Augmented rotations in virtual reality for users with a reduced range of head movement


Introduction: A large body of research in the field of virtual reality is focused on making user interfaces more natural and intuitive by leveraging natural body movements to explore a virtual environment. For example, head-tracked user interfaces allow users to naturally look around a virtual space by moving their head. However, such approaches may not be appropriate for users with temporary or permanent limitations of their head movement.

Methods: In this paper, we present techniques that allow these users to get virtual benefits from a reduced range of physical movements. Specifically, we describe two techniques that augment virtual rotations relative to physical movement thresholds.

Results: We describe how each of the two techniques can be implemented with either a head tracker or an eye tracker, e.g. in cases when no physical head rotations are possible.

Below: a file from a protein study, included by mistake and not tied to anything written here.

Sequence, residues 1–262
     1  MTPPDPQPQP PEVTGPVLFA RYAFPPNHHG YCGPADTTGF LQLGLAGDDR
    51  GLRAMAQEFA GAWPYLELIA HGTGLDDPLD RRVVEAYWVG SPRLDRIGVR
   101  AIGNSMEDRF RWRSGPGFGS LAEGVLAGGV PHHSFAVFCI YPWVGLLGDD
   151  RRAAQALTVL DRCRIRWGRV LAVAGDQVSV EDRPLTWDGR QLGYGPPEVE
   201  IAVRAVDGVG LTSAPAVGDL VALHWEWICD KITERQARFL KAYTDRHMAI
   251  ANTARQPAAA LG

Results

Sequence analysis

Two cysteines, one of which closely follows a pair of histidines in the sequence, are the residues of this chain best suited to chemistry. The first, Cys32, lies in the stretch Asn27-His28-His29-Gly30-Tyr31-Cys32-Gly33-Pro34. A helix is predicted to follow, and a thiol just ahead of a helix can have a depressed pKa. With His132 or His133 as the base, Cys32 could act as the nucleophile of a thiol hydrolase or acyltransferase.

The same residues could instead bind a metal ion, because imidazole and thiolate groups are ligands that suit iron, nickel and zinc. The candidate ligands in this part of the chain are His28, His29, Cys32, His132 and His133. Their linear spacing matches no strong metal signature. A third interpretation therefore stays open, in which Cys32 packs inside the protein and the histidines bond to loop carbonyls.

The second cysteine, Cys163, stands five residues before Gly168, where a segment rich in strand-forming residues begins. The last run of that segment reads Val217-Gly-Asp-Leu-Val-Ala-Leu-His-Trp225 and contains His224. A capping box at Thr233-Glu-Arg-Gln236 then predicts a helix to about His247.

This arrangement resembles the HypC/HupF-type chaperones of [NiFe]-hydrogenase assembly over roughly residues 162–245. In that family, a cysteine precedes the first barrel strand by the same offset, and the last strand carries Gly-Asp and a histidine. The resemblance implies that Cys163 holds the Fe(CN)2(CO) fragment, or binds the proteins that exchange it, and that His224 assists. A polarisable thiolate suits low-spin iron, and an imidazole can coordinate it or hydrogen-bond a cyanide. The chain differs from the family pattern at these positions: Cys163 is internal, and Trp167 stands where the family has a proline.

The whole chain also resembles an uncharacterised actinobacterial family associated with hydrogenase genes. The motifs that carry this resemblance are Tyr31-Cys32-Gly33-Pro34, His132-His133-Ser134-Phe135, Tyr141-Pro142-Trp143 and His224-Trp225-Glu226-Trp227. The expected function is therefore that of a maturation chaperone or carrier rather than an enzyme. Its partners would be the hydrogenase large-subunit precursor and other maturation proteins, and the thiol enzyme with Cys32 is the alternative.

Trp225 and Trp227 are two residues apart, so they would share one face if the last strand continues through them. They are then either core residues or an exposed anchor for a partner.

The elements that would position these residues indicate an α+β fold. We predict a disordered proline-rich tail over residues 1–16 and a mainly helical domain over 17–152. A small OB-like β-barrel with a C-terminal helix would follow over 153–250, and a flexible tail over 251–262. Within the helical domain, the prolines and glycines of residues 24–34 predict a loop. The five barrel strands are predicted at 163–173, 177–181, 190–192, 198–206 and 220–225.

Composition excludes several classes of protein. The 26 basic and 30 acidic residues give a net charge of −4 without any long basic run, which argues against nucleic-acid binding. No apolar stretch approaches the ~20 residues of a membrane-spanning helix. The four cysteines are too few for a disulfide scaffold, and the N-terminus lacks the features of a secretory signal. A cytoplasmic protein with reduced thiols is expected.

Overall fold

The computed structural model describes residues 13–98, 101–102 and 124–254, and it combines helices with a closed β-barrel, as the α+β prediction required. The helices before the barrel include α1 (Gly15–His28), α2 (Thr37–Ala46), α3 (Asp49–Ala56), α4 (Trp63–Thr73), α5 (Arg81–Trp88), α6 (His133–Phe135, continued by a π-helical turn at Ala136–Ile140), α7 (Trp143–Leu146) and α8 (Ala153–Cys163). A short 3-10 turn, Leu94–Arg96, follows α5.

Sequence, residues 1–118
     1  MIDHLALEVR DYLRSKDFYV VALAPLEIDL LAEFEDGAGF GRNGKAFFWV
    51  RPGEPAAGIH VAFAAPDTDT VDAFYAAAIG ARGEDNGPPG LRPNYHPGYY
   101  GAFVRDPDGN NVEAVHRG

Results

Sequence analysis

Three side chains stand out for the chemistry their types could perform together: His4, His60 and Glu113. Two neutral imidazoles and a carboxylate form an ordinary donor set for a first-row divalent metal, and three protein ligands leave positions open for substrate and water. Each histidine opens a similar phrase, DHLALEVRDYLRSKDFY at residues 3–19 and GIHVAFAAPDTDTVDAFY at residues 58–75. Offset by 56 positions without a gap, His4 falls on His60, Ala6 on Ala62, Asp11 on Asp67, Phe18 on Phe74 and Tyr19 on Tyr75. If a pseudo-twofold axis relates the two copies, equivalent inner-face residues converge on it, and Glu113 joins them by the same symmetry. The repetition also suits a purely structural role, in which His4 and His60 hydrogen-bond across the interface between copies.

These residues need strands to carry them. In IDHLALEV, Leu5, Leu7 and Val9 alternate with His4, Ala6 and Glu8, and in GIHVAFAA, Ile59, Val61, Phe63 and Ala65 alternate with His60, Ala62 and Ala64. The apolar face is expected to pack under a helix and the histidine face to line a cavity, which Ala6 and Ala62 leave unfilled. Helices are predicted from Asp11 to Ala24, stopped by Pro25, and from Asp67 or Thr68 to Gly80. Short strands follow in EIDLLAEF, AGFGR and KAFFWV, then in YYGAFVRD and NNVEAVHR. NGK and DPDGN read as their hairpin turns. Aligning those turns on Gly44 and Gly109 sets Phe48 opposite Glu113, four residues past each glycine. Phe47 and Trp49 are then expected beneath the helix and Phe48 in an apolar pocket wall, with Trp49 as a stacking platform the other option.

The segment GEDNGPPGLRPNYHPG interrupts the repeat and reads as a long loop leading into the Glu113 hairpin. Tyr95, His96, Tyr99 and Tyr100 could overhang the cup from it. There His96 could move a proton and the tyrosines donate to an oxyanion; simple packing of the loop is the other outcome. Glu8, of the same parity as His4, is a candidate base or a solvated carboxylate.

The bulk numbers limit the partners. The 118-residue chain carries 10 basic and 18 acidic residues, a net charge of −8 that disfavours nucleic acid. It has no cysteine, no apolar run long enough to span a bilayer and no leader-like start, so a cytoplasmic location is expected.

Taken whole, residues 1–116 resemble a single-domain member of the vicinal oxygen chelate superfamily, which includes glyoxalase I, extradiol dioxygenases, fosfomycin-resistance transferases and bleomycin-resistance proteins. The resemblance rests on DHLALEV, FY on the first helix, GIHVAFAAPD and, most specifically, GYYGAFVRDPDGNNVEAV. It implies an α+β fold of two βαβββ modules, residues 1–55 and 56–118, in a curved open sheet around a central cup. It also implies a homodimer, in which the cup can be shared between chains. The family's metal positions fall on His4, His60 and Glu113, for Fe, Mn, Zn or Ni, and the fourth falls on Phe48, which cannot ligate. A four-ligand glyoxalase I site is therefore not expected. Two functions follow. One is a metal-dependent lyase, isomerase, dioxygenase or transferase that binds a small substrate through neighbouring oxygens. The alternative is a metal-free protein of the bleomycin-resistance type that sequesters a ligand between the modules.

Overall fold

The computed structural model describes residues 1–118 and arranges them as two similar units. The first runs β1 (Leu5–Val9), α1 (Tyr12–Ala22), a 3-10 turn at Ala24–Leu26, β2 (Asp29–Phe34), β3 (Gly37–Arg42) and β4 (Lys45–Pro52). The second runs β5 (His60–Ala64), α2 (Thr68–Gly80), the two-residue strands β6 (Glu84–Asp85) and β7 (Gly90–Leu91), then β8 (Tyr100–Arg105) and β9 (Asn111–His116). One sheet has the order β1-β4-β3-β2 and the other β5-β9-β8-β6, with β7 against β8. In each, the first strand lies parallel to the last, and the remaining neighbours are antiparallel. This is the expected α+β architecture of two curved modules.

Conclusions: We discuss their differences and limitations and we provide guidelines for the practical use of such augmented user interfaces.

Journal of Rehabilitation and Assistive Technologies Engineering
Luke Bölling
Luke Bölling
Dad & Research Associate

As an experimental (neuro)psychologist I like to understand more about how we and AI-driven co-actors are interacting in a digital world. Data-Science, User-Experience Research and understanding social cognition with robots and virtual partners are my main topics. Understanding processes and optimization is my matter of the heart - UX and Human-Centered-Design is a universal approach to every challenge in our life.